Calamity Dam Lean-to: Calamity Lean-to #1, the lean-to closest to the old Calamity Dam in the Flowed Lands, has been dismantled and removed.
Mt. Adams Fire Tower: The cab of the Mt. Adams Fire Tower was heavily damaged by windstorms. The fire tower is closed to public access until DEC can make repairs to the structure.
Upper Works – Preston Ponds Washouts: Two foot bridges on the trail between Upper Works and Preston Pond were washed out by an ice jam. One bridge was located 1/3 mile northwest of the new lean-to on Henderson Lake. The second bridge was located several tenths of a mile further northwest. The streams can be crossed by rock hopping. Crossings may be difficult during periods of high water.
Duck Hole: The bridge across the dam has been removed due to its deteriorating condition. A low water crossing (ford) has been marked below the dam near the lean-to site. This crossing will not be possible during periods of high water.
Northville-Placid Trail: Beaver activity has blocked a section between Plumley Point and Shattuck Clearing. Hikers can use a well used, but unmarked, 1/4 mile reroute around the flooded portion of the trail.
——————– Forecast provided by the National Weather Service; warnings and announcements drawn from NYS Department of Environmental Conservation.
The new DEC Trails Supporter Patch is now available for $5 at all outlets where sporting licenses are sold, on-line and via telephone at 1-866-933-2257. Patch proceeds will help maintain and enhance non-motorized trails throughout New York State.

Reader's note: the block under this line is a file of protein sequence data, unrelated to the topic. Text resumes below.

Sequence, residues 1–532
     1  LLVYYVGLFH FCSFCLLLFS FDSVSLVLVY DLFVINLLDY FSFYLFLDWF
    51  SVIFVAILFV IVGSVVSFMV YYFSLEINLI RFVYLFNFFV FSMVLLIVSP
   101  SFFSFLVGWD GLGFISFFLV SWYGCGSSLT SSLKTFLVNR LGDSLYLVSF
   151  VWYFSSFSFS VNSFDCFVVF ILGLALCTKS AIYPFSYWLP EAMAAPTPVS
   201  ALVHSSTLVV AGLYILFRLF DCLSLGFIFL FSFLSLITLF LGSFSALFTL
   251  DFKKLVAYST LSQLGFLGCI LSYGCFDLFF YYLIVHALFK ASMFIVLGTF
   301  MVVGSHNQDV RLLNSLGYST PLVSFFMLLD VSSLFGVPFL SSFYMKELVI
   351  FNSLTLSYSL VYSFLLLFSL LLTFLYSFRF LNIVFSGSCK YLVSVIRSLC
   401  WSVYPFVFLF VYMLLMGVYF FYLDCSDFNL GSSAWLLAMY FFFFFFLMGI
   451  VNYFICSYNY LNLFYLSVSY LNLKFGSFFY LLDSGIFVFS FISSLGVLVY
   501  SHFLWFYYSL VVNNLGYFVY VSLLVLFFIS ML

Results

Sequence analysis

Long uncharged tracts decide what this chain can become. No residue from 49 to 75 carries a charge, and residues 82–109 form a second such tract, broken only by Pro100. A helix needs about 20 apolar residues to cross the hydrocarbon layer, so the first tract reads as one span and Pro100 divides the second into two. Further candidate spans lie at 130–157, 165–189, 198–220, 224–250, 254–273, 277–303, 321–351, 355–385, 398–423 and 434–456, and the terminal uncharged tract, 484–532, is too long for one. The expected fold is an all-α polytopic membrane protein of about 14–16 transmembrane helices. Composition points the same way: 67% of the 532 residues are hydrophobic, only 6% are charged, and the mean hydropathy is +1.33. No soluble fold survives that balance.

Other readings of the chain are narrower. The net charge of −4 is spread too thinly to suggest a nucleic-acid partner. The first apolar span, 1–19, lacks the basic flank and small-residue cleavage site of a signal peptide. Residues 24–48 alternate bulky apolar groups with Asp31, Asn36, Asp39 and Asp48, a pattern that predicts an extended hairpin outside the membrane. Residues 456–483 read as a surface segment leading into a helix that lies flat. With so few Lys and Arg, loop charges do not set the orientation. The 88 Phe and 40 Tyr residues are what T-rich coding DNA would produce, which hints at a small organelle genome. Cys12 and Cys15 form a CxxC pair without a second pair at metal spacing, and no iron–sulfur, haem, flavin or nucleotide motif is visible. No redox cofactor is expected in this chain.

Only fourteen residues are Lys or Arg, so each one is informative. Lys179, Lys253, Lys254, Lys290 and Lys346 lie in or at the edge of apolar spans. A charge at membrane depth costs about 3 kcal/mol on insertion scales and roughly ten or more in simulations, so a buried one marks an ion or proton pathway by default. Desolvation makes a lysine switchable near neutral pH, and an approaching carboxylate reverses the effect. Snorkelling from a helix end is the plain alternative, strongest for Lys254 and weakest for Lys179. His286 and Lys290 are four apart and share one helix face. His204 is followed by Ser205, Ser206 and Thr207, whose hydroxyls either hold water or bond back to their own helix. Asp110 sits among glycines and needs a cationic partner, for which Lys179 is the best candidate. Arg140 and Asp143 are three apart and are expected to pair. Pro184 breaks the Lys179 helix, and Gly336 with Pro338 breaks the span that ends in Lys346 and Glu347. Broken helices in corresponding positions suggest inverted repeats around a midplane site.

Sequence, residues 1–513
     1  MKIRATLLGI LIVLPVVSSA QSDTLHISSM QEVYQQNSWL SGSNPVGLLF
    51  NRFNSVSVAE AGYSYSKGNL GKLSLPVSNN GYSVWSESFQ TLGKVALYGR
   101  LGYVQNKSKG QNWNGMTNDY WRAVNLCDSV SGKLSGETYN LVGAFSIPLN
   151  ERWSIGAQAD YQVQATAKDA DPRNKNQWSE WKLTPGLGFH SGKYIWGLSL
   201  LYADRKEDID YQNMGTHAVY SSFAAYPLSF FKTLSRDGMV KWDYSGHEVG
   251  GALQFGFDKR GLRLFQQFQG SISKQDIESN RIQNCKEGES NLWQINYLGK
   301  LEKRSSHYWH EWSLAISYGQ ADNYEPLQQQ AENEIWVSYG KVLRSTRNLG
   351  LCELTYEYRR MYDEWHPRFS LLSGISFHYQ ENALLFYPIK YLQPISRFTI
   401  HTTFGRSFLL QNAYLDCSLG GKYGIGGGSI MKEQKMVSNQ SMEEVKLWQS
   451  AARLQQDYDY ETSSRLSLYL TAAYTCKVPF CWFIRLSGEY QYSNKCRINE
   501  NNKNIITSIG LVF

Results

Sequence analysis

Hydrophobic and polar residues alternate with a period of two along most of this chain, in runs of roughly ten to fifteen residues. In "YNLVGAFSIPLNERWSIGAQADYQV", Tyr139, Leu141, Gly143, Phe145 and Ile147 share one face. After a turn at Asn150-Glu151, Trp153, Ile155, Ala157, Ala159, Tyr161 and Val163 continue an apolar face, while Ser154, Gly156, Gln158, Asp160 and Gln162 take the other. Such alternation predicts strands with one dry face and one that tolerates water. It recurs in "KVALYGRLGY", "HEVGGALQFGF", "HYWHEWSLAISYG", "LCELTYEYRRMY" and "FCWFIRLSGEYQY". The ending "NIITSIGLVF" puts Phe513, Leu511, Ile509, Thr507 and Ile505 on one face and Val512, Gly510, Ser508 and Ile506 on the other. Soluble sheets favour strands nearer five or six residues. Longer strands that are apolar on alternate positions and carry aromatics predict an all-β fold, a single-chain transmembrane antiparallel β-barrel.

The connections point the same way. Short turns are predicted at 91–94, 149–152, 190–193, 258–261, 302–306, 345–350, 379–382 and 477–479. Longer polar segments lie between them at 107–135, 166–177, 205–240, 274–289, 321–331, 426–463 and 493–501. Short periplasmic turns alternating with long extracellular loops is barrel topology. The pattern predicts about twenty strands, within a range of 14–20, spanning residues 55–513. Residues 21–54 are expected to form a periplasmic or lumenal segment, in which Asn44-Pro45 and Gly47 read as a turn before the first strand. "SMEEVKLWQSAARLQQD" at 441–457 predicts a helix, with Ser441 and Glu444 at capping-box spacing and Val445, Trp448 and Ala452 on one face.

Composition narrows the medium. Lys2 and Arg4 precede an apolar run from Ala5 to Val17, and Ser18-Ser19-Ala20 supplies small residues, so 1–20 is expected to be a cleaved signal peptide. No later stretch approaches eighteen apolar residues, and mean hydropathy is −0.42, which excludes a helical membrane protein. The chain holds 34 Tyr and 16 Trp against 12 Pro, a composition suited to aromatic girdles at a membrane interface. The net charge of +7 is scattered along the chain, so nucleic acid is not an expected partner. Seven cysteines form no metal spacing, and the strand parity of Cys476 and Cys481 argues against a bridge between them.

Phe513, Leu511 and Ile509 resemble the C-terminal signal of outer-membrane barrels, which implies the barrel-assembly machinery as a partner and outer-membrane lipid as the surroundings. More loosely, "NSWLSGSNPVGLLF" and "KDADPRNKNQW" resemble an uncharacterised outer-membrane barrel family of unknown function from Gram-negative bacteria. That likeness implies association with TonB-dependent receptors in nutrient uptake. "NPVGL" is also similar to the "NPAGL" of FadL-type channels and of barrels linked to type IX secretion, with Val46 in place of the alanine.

Officials from the Adirondack Park Agency (APA) and the SUNY College of Environmental Science and Forestry (SUNY-ESF) announced today that on July 1, 2010, the APA will transfer ownership of the state-owned buildings and equipment of the Visitor Interpretive Center (VIC) in Newcomb to SUNY-ESF. The College will then begin a transitional period with the goal to manage future Newcomb VIC programs, according to a press release.
SUNY-ESF has announced its intention to integrate operations of its Adirondack Ecological Center and the Northern Forest Institute. SUNY-ESF President Cornelius B. Murphy, Jr., said the agreement supports the work of the college’s Adirondack Ecological Center, which is located on the Newcomb property. “This new initiative extends the mission of the AEC, with additional educational resources for both students and visitors so they can learn about the wonders of ecology in the Adirondacks,” Murphy said. APA staff are expected to provide traditional VIC programming in consultation with SUNY-ESF at the Newcomb facility during the transitional period. Staff will provide interpretive services for the public Tuesday through Saturday from 9am till 5pm. The public will continue to have access to the trail network and exhibit rooms. During this time period, APA staff will also assist SUNY-ESF in the identification of programming needs that meet the college’s goals.
The agreement will include the transfer of all state-owned buildings on the 236 acre Newcomb site. The 6,000-square-foot main public assembly building with its 150-seat multiple purpose room, 700-square-foot exhibit room and staff offices as well as an adjacent 2,500-square-foot garage and classroom building will be surrendered to SUNY-ESF.
After December 31, 2010 programming needs in reference to staffing, hours of operations, public visitation, special programs inclusive of groups and schools, off site programs and outreach will be directly managed and funded by SUNY-ESF.
The Lake Placid Olympic Training Center and the Olympic Regional Development Authority (ORDA) will be hosting Olympic Day, on Saturday, June 26, from 1-3 p.m. at the Olympic Training Center.